Nov 04 2015

8 Steps for Designing and Deploying a Mobile App Strategy

When planning the rollout of a new mobile application, school districts should focus on use cases, relevant metrics and other important considerations.

As mobile devices become ubiquitous in schools and the workplace, mobile applications are increasingly integral to everyday operations and workflow.

But effective mobile application deployment requires a thorough understanding of business needs and a coherent app strategy. Ahead of any deployment or development activity, management should consider an eight-step process:

  • Identify stakeholders and decision-makers
  • Target specific operational processes
  • Develop use cases
  • Determine and select technologies and vendor options
  • Formulate relevant metrics
  • Set the schedule and pattern for updates
  • Establish the role of service contracts
  • Consider issues around process transformation and ongoing lifecycle

Establishing the Foundation

The first three steps define the audience, scope and function of an app. They are directly responsible for both driving and promoting mobile deployment efforts.

Research firm Gartner urges districts and larger enterprises to establish a mobile center of excellence, gathering mobile-engaged stakeholders into formalized roles so they can coherently respond to issues and help direct decision-making. Because mobility touches so many aspects of a district or enterprise, this group should be diverse in background. Departments that may be represented include IT and security, operations, human resources and legal. The team should work together to craft coherent mobile policy and strategy for the enterprise.

For specific mobile deployments, representatives from affected departments should be engaged, with units working together to ensure that processes and operations are adapted to new app solutions.

Executive engagement is paramount, and mobile leadership teams should work closely with superintendents and school district executives to communicate the project mission, budget expectations and well-researched projections for ROI. These communications must be sustained throughout the project lifecycle to ensure ongoing support from top management.

From a process perspective, it is vital that teams talk coherently about the operational activities that are affected by a mobile app rollout and develop detailed use cases that verify the validity of the proposed approach.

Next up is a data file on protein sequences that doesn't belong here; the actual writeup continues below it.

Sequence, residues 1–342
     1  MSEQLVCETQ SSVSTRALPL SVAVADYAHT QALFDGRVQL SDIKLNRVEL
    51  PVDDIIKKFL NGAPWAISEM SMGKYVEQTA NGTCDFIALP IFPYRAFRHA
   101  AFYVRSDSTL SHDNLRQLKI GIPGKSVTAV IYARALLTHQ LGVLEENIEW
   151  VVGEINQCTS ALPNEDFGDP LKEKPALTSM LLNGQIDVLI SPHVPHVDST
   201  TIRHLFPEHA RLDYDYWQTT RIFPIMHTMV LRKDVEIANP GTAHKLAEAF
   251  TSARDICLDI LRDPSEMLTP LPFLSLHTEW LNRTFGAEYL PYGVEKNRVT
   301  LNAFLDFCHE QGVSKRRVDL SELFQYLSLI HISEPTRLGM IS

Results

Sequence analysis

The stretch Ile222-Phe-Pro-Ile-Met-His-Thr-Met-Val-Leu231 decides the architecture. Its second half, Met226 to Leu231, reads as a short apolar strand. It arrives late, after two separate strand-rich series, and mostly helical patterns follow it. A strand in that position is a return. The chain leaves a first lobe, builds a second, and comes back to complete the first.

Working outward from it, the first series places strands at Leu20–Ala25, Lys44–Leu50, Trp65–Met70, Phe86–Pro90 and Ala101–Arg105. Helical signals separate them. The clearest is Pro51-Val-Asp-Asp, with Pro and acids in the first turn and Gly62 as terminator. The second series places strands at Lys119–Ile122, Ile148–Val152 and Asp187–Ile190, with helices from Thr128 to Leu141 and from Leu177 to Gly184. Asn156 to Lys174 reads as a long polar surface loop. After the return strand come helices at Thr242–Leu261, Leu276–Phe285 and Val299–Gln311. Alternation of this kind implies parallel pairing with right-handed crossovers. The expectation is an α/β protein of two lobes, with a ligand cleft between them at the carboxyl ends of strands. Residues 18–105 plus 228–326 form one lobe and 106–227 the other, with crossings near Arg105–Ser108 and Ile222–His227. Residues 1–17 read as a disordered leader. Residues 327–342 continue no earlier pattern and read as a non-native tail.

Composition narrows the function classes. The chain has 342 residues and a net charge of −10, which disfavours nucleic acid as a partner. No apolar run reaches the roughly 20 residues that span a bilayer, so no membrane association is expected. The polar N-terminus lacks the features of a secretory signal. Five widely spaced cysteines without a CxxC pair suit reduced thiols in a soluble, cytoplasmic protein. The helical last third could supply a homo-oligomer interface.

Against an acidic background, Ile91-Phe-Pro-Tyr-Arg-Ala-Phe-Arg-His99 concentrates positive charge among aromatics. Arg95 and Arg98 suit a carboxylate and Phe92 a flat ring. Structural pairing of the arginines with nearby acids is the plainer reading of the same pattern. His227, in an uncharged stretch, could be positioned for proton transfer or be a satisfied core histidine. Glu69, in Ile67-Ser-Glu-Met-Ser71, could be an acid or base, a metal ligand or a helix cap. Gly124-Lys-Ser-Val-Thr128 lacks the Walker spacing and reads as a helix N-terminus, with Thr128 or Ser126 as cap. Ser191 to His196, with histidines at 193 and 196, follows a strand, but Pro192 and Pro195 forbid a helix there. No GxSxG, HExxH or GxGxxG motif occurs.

The first step is to identify the problem and perform a full assessment that examines, in detail, the existing process and how it is conducted. Interviews with users and a review of job roles and activities are vital at this stage. From there, a coherent plan to mobilize and improve the existing process can be crafted. It can also help to see how other districts are executing similar processes.

Crafting detailed use cases for the mobile app deployment is the next logical step. A detailed use scenario helps every aspect of the effort — from giving the app development team a tangible target to driving more accurate cost and ROI projections.

Taking Action

Once the initial groundwork is done, the project can move into the action phase. This phase includes selecting technologies and vendors, formulating relevant metrics and setting update schedules and patterns. The nature and course of these activities will depend to a large extent on the type of mobile app being deployed: virtualization, off-the-shelf, or partially or fully customized.

Once the team has identified the approach, it can identify candidate technologies, solutions and vendor companies. Decisions must be made across a matrix of issues that includes technology platform alignments, integration challenges, cost considerations and future mobility planning.

Defining metrics is an important step that allows school districts and enterprises to track and gauge the effectiveness of a mobile app deployment. Metrics should be developed through careful consideration of what defines success or failure in the project. For instance, an app initiative that measures success in terms of downloads, rather than in terms of actual usage of the app, may fail to detect that registered users are not using the software — a clear sign of failure.

Key metrics to consider for a mobile app effort include usage, user lifetime value, session length and interval, user acquisition and retention, average revenue per user, and performance metrics such as app launch and load times. In-app instrumentation and telemetry help to capture user behaviors and interactions, allowing developers to pinpoint poorly executed or little-used features. This intelligence can be used to drive updates and improvements to the app.

Detailed metrics can also help mobile apps meet service contract and service-level agreement commitments. These can be especially important for enterprise apps deployed to partners and internal operating units. The contracts can be used to define expectations and shape decision-making in the development phase. Performance issues around uptime, availability, responsiveness and software quality are all relevant.

Mobile apps represent a major opportunity and profound challenge to organizations of every type. Device-bound apps can create new efficiencies and enable compelling user experiences. Solid forethought and planning are needed to achieve this promise.

For more information on mobilizing applications, read the white paper “The App Roadmap: Mobile App Strategy for the Workplace.”